Since 1972, the Beaumont Center for Childhood Speech and Language Disorders has helped thousands of children with verbal apraxia and other speech and language impairments to find their voices. Our highly trained Beaumont Children's speech and language therapy experts use advanced techniques to help children achieve maximum communication capability, functional capacity and social potential.
These dedicated therapists are clinically certified and state-licensed specialists in the area of childhood speech and language disorders. Beaumont is a recognized training center for physicians and graduate level students in the field.
Treatment for Childhood Apraxia
Beaumont Children's offers specialized treatment for children between the ages of 12 months and 14 years. The program includes:
- Individual treatment sessions focusing on intensive speech and language stimulation
- group treatment sessions focusing on socialization skills, as well as carry-over of speech and language skills
- direct parent education, including observation of treatment sessions to enable the learning of techniques for use at home
Parent Involvement and Apraxia Treatment Overview
Parents are an important part of the Beaumont Children's speech and language therapy program from the very start. The first step for new patients is a diagnostic evaluation completed by specialized speech and language pathologists. These therapists then share the standardized test results with the parents.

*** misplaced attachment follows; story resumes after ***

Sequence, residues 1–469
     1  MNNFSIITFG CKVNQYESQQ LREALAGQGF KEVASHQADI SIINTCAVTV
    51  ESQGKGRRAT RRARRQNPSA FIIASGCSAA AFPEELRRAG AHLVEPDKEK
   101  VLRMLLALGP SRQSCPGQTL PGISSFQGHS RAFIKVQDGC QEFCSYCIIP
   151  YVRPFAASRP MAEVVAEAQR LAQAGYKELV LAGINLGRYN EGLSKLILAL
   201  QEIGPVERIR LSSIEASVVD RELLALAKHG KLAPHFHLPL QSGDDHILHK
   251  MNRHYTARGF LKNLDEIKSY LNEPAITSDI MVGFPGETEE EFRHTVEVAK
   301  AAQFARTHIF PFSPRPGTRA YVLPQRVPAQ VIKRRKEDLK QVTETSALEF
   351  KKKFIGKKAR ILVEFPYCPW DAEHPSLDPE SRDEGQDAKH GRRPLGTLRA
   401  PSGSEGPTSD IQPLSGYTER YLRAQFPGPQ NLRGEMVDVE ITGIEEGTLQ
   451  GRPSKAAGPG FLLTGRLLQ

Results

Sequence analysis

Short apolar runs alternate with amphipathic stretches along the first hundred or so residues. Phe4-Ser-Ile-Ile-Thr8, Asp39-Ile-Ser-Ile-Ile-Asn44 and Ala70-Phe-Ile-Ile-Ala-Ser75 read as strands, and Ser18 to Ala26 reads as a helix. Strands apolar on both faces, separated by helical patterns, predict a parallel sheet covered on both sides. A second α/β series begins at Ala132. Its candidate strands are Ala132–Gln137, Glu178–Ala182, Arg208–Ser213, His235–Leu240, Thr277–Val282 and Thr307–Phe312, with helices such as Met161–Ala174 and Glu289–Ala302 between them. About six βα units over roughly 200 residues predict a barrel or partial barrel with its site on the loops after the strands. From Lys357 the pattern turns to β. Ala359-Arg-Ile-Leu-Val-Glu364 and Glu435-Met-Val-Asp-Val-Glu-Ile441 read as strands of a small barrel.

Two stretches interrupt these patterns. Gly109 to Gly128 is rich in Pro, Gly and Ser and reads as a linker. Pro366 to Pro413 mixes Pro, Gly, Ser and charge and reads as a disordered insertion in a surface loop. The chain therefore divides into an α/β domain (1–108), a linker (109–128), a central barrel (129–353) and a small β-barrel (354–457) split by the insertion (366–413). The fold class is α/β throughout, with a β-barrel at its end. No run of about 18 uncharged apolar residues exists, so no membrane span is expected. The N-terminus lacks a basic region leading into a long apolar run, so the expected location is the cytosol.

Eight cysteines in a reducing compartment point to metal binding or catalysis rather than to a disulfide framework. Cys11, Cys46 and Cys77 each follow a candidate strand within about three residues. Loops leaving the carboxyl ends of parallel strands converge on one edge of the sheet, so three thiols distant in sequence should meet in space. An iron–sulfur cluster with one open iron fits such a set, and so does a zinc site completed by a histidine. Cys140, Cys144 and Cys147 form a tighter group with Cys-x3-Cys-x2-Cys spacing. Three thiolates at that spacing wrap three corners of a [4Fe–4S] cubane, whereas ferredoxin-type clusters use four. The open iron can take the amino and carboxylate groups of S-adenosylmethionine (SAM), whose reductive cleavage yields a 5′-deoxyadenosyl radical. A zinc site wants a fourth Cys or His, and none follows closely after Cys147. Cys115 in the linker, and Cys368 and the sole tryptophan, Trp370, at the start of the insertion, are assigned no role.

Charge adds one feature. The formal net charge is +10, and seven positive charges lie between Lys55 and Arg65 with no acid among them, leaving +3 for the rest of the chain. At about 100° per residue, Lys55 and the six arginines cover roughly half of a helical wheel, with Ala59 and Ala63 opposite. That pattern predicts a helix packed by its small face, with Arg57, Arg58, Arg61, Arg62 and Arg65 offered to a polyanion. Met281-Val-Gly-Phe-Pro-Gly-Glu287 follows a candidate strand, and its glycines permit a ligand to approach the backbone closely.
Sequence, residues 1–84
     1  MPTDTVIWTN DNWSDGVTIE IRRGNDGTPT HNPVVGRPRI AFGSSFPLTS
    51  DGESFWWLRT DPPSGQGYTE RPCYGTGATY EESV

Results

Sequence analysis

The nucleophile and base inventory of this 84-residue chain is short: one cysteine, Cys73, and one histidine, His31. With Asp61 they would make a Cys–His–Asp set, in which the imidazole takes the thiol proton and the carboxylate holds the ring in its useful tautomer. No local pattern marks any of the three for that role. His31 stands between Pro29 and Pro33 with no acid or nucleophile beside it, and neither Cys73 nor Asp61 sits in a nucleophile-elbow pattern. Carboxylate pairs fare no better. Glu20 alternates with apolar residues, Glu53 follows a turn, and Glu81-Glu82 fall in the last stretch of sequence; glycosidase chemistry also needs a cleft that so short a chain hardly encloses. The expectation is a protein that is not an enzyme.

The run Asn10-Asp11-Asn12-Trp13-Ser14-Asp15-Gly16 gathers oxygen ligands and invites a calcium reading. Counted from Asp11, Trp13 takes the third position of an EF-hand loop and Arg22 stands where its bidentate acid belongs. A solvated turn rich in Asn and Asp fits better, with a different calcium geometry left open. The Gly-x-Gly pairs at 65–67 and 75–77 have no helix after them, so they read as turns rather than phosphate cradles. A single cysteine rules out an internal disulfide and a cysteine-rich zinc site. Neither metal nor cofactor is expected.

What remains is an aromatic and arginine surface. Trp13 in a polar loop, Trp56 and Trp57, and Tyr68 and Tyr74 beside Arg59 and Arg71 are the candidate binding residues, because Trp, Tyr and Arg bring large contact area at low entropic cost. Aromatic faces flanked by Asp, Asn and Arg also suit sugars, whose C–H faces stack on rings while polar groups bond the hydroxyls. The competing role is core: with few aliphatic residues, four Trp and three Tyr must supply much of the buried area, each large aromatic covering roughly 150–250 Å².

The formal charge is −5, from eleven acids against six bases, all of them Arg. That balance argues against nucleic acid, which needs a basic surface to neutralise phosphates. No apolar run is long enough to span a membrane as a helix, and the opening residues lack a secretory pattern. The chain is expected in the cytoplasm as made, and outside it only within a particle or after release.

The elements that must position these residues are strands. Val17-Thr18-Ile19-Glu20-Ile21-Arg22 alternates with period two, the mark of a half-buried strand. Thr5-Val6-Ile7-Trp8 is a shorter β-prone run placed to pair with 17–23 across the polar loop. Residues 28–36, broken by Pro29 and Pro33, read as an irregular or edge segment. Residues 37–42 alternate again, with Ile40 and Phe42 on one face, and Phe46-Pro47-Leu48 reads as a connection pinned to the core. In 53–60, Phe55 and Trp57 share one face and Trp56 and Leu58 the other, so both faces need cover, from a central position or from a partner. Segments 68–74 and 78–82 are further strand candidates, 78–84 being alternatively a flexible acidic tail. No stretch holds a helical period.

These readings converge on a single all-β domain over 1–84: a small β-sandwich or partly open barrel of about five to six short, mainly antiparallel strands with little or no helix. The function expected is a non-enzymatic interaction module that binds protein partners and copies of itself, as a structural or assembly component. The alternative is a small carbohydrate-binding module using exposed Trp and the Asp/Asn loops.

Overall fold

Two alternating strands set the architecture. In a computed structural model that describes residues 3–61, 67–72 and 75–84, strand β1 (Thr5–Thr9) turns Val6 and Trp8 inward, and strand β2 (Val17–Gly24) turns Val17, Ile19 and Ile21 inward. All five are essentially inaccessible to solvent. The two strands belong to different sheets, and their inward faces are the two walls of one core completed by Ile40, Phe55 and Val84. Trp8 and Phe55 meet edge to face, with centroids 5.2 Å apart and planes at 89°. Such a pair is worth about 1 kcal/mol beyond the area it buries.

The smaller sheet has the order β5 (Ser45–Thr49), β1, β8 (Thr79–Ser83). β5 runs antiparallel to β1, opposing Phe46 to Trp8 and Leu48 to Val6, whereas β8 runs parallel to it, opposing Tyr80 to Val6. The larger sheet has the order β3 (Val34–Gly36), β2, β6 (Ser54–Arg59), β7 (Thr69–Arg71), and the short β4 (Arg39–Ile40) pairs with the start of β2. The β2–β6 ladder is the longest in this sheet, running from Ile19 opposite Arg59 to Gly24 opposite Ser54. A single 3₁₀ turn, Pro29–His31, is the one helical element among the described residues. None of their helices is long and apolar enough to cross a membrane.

Diagnostic impressions and recommendations are discussed with parents and an individualized treatment program is developed for each child based upon parental input and the severity of the communication disorder.
We offer individual speech and language disorder treatment sessions up to three times a week until the child achieves his or her treatment goals. Parent observation and education continue throughout the treatment program. Home programs are designed to enhance the child's progress outside the clinic environment. Specialized group programs help each child practice new skills in a group setting, building confidence and advancing the child toward his or her goals.